Orson Scott Card takes his popular Ender series back into space with "Shadows in Flight," a direct sequel to "Shadow of the Giant," and the 11th novel in the science fiction series.
And while the story takes place on a smaller stage than the previous "Shadow" books, "Shadows in Flight" is a positive look at humanity's will to survive and the value of family.
The first half of the story takes place on the spaceship in which Julian Delphiki, who was introduced to readers as Bean in the original "Ender's Game," and three of his children travel through space while scientists on Earth search for a cure to the genetic disorder that threatens their lives.
The four travelers share an engineered genetic disorder that gives them extraordinary intelligence, but condemns them to short lives in which their bodies never cease growing. Their near-light-speed space flight means that while Bean and his children have aged five years since they fled into space, 421 years of scientific research on earth has failed to find a solution to this genetic puzzle.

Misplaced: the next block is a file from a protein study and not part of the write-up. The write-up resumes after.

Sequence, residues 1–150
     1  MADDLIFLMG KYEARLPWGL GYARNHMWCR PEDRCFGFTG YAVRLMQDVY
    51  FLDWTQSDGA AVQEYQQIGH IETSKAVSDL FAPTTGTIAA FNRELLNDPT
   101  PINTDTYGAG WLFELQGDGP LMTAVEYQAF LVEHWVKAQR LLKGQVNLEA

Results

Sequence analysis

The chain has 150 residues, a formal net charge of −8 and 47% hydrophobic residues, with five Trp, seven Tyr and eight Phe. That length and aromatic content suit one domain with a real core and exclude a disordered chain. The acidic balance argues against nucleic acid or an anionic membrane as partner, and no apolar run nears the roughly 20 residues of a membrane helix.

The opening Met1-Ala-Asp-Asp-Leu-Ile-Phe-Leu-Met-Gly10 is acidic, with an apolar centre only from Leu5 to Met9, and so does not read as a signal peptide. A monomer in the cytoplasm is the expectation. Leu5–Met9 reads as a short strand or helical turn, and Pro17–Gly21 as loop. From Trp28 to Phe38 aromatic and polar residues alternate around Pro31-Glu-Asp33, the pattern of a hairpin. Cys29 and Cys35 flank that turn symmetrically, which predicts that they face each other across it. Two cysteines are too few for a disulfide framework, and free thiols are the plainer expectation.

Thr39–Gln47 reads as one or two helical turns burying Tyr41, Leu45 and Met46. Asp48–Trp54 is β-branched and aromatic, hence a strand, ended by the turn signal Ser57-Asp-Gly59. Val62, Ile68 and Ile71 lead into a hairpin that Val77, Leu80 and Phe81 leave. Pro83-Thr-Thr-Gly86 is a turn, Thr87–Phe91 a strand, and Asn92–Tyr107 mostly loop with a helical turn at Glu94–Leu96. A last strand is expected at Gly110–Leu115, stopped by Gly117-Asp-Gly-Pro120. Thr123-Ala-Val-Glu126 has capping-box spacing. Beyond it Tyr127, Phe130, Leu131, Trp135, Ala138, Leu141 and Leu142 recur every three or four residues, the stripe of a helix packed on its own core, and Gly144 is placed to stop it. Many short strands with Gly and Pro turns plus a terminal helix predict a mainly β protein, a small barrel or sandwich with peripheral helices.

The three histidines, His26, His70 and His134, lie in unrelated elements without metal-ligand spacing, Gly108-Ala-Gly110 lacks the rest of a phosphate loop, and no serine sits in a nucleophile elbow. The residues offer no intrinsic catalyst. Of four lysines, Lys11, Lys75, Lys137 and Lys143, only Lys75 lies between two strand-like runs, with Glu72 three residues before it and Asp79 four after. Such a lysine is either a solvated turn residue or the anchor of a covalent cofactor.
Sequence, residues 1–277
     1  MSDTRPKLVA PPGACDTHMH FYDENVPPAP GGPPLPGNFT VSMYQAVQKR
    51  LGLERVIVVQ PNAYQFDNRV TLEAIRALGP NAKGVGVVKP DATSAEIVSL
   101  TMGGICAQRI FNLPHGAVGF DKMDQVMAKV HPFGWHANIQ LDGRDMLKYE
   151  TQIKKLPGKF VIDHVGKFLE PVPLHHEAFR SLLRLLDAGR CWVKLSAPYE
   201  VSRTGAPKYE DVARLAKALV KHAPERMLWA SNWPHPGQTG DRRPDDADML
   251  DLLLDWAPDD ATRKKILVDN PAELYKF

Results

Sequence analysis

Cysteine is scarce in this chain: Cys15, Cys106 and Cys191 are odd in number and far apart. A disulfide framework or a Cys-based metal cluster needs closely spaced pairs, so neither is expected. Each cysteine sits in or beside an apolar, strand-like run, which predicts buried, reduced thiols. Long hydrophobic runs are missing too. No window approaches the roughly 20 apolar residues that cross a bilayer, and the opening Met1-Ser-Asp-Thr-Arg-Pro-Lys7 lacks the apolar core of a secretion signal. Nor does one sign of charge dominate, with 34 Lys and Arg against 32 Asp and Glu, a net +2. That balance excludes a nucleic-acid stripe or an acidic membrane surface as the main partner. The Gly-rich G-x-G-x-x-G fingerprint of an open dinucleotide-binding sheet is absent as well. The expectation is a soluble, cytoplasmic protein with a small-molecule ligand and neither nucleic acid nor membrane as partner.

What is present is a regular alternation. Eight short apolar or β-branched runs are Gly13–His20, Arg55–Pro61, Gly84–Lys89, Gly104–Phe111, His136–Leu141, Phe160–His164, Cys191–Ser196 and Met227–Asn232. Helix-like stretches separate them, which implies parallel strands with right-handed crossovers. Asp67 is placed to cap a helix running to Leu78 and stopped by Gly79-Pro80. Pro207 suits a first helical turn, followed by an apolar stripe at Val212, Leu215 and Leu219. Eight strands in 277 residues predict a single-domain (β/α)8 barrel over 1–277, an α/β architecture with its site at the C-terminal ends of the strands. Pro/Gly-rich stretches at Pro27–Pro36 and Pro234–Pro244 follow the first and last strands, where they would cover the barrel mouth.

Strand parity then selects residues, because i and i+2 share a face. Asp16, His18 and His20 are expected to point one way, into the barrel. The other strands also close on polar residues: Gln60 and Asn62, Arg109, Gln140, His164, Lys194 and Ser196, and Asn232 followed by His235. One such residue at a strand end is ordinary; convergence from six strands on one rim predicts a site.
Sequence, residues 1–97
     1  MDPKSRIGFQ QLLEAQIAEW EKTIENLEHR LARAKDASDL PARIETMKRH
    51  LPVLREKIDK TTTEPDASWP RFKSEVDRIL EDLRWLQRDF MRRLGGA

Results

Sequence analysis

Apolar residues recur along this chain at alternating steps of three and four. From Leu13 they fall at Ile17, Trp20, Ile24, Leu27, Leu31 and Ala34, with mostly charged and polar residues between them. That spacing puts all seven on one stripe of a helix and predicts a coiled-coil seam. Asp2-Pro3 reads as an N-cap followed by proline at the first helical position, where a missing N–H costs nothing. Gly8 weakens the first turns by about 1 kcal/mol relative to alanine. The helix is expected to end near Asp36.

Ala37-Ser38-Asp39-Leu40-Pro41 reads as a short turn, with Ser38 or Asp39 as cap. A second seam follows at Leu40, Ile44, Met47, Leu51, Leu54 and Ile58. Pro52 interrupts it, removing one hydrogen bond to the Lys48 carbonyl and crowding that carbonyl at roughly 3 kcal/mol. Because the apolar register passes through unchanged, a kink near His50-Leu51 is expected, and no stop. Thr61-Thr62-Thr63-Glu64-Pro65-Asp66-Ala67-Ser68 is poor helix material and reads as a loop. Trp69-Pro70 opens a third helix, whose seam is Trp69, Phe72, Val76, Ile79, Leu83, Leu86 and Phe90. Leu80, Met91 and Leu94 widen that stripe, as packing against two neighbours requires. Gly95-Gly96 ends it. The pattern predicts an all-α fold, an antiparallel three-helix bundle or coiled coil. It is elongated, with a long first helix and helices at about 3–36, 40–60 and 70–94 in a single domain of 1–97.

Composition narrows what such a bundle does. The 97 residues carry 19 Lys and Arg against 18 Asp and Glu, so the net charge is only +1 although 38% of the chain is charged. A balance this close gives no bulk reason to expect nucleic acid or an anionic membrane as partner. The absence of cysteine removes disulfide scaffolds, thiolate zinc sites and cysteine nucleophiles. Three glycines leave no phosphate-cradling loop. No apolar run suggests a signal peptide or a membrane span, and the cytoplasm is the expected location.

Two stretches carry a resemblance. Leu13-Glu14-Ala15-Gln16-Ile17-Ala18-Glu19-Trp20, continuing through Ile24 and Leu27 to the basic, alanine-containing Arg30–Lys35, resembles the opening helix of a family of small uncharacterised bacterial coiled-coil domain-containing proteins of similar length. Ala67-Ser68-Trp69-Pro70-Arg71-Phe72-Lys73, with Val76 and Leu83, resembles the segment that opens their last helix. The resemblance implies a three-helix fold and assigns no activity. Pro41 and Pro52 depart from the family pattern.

For Bean, time is running out, and he is looking for a planet where his three hyper-intelligent 6-year-old children can stop traveling through space and found a civilization.
However, as the ship carrying the small group nears a planet suited for just that purpose, the Delphikis make contact with an alien space vessel which may have grave consequences not just for the this small family, but all humanity.
To uncover the mystery of this alien ship, the children must overcome sibling rivalries and learn to work together.
Starting with "Ender's Game," one of the most popular science fiction stories ever, Card has demonstrated a remarkable ability to take the reader inside the heads of the brilliant children that populate these books. In "Shadows in Flight," the author does a masterful job of creating three children with distinct personalities.
He also accomplishes the difficult task of developing a believable set of family dynamics that might develop in a group of four individuals living in cramped quarters for four years — and demonstrates a keen understanding of human nature in the process.
"Shadows in Flight" is a positive look at the power of a father's love and the strength of family bonds. It is a welcome addition to the Ender series which has been growing now for more than a quarter of a century.
Marc Haddock has been a newspaperman for 35 years and is currently a marketing writer for Xactware. He lives in American Fork.
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